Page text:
Fluorescence spectroscopy

Fluorescence spectrum of quinine with clearly visible Stokes shift

The fluorescence spectroscopy is a spectroscopic technique of analytical chemistry . It uses fluorescence phenomena for the qualitative and quantitative analysis of substances.

Physical basics

As fluorescence is called the light-emission by prior absorption of a photon, if the decay time of the radiation is very short (i. E., The lifetime of the excited state is of the order 1-100  nanoseconds ). According to the following equation, the intensity of the fluorescence radiation is directly proportional to the intensity of the excitation radiation.

${\ displaystyle F = 2 {,} 3 \ cdot Q _ {\ mathrm {F}} \ cdot I_ {0} \ cdot \ varepsilon \ cdot c \ cdot d}$

With

${\ displaystyle F}$: "Intensity" of the fluorescence radiation (emitted photons per time and area)
${\ displaystyle Q _ {\ mathrm {F}}}$: Fluorescence quantum yield (= number of emitted photons / number of absorbed photons)
${\ displaystyle I _ {\ mathrm {0}}}$: "Intensity" of the excitation radiation (irradiated photons per time and area)
${\ displaystyle \ varepsilon}$: molar decadic extinction coefficient
${\ displaystyle c}$: Concentration
${\ displaystyle d}$: Layer thickness of the cuvette

This formula is only valid for weak absorption, i.e. H. , so that (1) only a negligible fraction of the emitted photons are absorbed again (2) for the fraction of the absorbed photons the following applies:${\ displaystyle 1-10 ^ {- \ varepsilon \ cdot c \ cdot d} \ ll 1}$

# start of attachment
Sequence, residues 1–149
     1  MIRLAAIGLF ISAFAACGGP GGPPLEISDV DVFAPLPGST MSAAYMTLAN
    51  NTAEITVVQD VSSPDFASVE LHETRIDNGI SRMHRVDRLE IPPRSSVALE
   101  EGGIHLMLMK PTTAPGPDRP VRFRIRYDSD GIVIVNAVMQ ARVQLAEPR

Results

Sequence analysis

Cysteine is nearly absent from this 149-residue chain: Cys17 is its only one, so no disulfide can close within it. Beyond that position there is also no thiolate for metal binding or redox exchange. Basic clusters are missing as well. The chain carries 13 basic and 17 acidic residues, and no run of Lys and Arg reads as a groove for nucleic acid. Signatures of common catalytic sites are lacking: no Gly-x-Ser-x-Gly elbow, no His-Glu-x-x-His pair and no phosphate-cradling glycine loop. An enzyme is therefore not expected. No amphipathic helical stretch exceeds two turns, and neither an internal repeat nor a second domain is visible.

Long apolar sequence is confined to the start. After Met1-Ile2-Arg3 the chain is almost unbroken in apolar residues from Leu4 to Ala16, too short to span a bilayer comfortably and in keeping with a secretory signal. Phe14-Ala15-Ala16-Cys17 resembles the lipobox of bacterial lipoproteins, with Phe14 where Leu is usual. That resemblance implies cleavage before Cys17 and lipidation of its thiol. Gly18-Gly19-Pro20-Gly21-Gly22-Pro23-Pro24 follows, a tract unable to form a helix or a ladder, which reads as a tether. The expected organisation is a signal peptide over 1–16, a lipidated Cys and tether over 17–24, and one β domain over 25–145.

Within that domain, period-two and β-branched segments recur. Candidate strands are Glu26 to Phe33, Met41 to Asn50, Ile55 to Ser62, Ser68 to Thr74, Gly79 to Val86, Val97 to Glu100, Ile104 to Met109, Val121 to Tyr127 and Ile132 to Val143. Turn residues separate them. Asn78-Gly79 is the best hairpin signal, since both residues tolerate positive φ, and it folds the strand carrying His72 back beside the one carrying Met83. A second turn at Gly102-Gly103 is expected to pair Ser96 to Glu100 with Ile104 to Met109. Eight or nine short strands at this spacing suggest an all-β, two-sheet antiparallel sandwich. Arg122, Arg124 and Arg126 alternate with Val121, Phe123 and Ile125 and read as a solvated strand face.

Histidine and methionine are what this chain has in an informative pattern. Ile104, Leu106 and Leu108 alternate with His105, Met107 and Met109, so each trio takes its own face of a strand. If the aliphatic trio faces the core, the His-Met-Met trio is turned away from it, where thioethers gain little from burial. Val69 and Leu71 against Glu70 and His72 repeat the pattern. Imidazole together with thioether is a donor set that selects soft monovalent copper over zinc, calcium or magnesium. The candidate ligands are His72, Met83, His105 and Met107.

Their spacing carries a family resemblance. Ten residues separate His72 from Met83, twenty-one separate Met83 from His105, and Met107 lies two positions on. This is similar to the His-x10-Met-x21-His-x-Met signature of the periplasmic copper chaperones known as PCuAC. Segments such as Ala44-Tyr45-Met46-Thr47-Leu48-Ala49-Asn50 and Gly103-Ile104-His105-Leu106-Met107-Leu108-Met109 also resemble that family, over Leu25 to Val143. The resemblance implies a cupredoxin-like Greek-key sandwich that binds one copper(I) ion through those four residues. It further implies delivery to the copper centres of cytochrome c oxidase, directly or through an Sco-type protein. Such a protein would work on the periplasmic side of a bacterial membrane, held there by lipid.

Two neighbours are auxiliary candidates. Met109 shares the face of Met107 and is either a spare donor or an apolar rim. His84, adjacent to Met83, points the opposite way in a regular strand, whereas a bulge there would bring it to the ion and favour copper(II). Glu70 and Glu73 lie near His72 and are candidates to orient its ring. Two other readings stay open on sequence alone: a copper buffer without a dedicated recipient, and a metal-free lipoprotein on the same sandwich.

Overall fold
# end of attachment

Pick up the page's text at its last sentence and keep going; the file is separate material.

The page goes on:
${\ displaystyle 1-10 ^ {- \ varepsilon \ cdot c \ cdot d} = 1-e ^ {- \ ln 10 \ cdot \ varepsilon \ cdot c \ cdot d} \ approx \ ln 10 \ cdot \ varepsilon \ cdot c \ cdot d \ approx 2 {,} 30 \ cdot \ varepsilon \ cdot c \ cdot d}$

The excitation needs more energy, so the fluorescence spectra are shifted to longer wavelengths ( Stokes shift ). Molecules that have vibration levels that are suitably spaced apart can, if they are sufficiently close, take over the energy without radiation and thus lead to fluorescence quenching. A standard addition can be used to take these effects into account .

Device structure

Fluorimeter with autosampler and evaluation computer for the determination of mercury

The structure of a fluorimeter is similar to that of a photometer , but the fluorescence with a certain emission wavelength ( ) is always measured at an angle of 90 ° so as not to include the excitation radiation ( ). In contrast to photometry, the radiation intensity of the emission is measured perpendicular to the direction of the excitation rays. An emission monochromator is connected upstream of the fluorimeter in order to remove residues of the excitation light ( scattered light ). High-pressure gas discharge lamps are usually used as the light source. Laser beams have also been used increasingly since the 1970s. ${\ displaystyle \ lambda _ {\ mathrm {em}}}$${\ displaystyle \ lambda _ {\ mathrm {ex}}}$

Web links

Commons : Atomic fluorescence spectroscopy  - collection of images, videos and audio files

Individual evidence

1. P. Atkins, Short textbook physical chemistry, 3rd edition, Wiley-VCH, 2002.
2. ^ Gey: Instrumental and analytics and bioanalysis . 2nd Edition. Springer, 2008, ISBN 978-3-540-73803-9 , doi : 10.1007 / 978-3-540-73804-6 .